The Real Lesson Of September 11

On the Sunday after September 11, 2001, while we were all still reeling from the aftermath of the worst terrorist attacks in world history, millions of Americans filed into church to hear some comforting and encouraging words, and perhaps, to be reassured that God was still looking out for us. That Sunday, the pastor at my church gave a very meaningful sermon about strength of character, courage and perseverance in difficult times.

It was, in many ways, what you would expect to hear in a sermon just days after the worst national tragedy in decades. He quoted Abraham Lincoln and other historic leaders who’ve had to deal with tumultuous times and tragic events.

But after the words of encouragement and comfort, his sermon went in a different direction. He stressed something that nobody seemed to want to hear just days after the most vicious act of mass murder ever committed in our country. He spoke about exercising restraint.

He didn’t suggest that we shouldn’t punish the people who attacked us and I don’t think he even said we should forgive them. In fact, quite the opposite. His point seemed to be summarize by this one sentence from his sermon:

“We have every right, and indeed an obligation, to fight evil; but in fighting evil, we must not let ourselves become evil.”

In hindsight, I think it was incredibly prescient of him to focus on this – as if he could see what was going to happen in response to this attack.

In the ten years since 9/11, I’ve thought about that sermon many times. Immediately after 9/11, our government detained Muslim Americans for long periods of time for questioning, without access to a lawyer. Later, the horror of 9/11 was used as a reason to go to war with a country that our president admitted had nothing to do with 9/11. Eventually it was revealed that our government authorized the torture of detainees, many of whom were harassed, tortured, raped, and apparently killed by Americans at the Abu Graib prison in Iraq.

I thought about that sermon when Congress passed a law making it legal to detain anyone indefinitely, even an American citizen, without access to a lawyer or due process of law, as long as the president declares them to be a suspected terrorist; and again when our government violated the Constitution by authorizing warrantless wiretaps on American citizens.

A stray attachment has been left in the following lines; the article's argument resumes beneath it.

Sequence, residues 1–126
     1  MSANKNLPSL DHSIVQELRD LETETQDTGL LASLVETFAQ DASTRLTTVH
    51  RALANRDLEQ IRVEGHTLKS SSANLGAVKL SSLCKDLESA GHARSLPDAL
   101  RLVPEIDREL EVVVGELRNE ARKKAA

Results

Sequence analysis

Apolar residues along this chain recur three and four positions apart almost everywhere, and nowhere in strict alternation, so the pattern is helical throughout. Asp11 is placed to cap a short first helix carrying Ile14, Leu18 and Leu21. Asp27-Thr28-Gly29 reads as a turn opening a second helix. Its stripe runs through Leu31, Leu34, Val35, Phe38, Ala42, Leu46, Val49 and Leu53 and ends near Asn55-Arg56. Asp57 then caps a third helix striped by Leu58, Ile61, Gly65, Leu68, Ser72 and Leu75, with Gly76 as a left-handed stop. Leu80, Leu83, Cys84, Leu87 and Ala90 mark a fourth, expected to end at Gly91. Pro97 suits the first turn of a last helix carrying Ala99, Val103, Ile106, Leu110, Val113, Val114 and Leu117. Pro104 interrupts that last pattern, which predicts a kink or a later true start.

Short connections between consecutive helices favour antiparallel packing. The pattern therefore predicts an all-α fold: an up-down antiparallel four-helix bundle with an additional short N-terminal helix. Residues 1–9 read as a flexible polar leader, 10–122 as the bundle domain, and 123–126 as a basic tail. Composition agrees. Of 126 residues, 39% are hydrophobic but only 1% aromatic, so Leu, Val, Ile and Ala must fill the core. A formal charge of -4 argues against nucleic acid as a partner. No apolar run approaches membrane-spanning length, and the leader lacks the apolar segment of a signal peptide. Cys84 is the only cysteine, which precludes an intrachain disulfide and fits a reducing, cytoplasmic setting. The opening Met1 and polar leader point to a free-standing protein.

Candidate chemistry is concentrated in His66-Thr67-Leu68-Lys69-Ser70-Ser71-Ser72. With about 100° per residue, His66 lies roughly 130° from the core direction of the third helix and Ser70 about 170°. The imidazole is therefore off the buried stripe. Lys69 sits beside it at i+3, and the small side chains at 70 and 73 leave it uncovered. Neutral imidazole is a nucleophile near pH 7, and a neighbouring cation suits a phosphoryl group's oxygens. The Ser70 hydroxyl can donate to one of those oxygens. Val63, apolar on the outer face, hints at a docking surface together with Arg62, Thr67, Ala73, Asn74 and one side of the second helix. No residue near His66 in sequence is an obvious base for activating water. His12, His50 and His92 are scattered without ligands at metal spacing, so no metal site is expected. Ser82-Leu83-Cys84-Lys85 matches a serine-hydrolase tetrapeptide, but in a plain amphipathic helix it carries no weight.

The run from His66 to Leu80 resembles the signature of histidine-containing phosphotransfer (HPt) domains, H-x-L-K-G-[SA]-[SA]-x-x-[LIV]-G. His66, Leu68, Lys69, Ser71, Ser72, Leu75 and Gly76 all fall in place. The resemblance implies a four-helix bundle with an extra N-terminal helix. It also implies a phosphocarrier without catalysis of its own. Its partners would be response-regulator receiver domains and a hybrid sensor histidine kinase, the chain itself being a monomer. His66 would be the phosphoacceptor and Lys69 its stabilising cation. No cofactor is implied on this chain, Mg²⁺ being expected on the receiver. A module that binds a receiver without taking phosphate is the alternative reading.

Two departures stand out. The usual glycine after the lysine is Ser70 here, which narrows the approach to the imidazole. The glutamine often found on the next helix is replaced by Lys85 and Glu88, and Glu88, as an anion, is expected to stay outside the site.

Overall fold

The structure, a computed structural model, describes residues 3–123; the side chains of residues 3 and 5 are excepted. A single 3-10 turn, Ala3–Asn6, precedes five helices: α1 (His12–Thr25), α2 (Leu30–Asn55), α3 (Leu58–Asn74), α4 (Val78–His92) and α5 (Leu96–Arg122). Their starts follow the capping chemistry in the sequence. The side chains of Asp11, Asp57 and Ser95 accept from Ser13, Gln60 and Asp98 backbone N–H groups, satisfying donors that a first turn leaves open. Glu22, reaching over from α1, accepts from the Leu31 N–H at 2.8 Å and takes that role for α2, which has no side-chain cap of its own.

As a patriotic American who was outraged by the 9/11 attacks, I want to believe that we are very different from the people who attacked us. That we have higher ethics, higher principles, even a higher morality than they do.

In the aftermath of 9/11, the American people wanted action. We were traumatized and we were easily manipulated. We saw horrific violence and death on our home soil on a scale most of us never imagined and we wanted someone to pay. In that atmosphere it was easy to satisfy our collective blood-lust by attacking someone, anyone, who we didn’t like in that part of the world. We weren’t too picky. So it was easy to redirect our collective anger and outrage against people who did not attack us. And it was easy for our political leaders to exploit the tragedy of 9/11 for their own political goals.

But true leadership would have required some measure of self restraint. This would have allowed us to show the world that we truly are better than the people who attacked us, that we could never be made to stoop to their level. We could have lived up to our principles and demonstrated that we believe in justice, not revenge; that we punish the perpetrators of a crime, not just people who look or act or worship the same as those criminals.

Unfortunately, our leaders saw our national trauma as a weakness that they could exploit and they used it to their own benefit and to our detriment. As a result, we’ve seen far more Americans die in an unnecessary war than we lost on 9/11. We’ve seen an increase in worldwide terrorism, at least 2 trillion dollars added to our national debt, and thousands, perhaps millions of Muslims throughout the world radicalized by their hatred for us

But I believe we could have avoided a great deal of pain and heartache, our standing in the world would be much higher, our national debt would be much smaller and thousands of dead Americans (not to mention hundreds of thousands of dead Iraqis) would still be alive, if our elected leaders had exercised some self restraint and lived up to the principles they claim to hold.

I believe the true legacy of 9/11 can be summed up with these words:

“We have every right, and indeed an obligation, to fight evil; but in fighting evil, we must not let ourselves become evil.”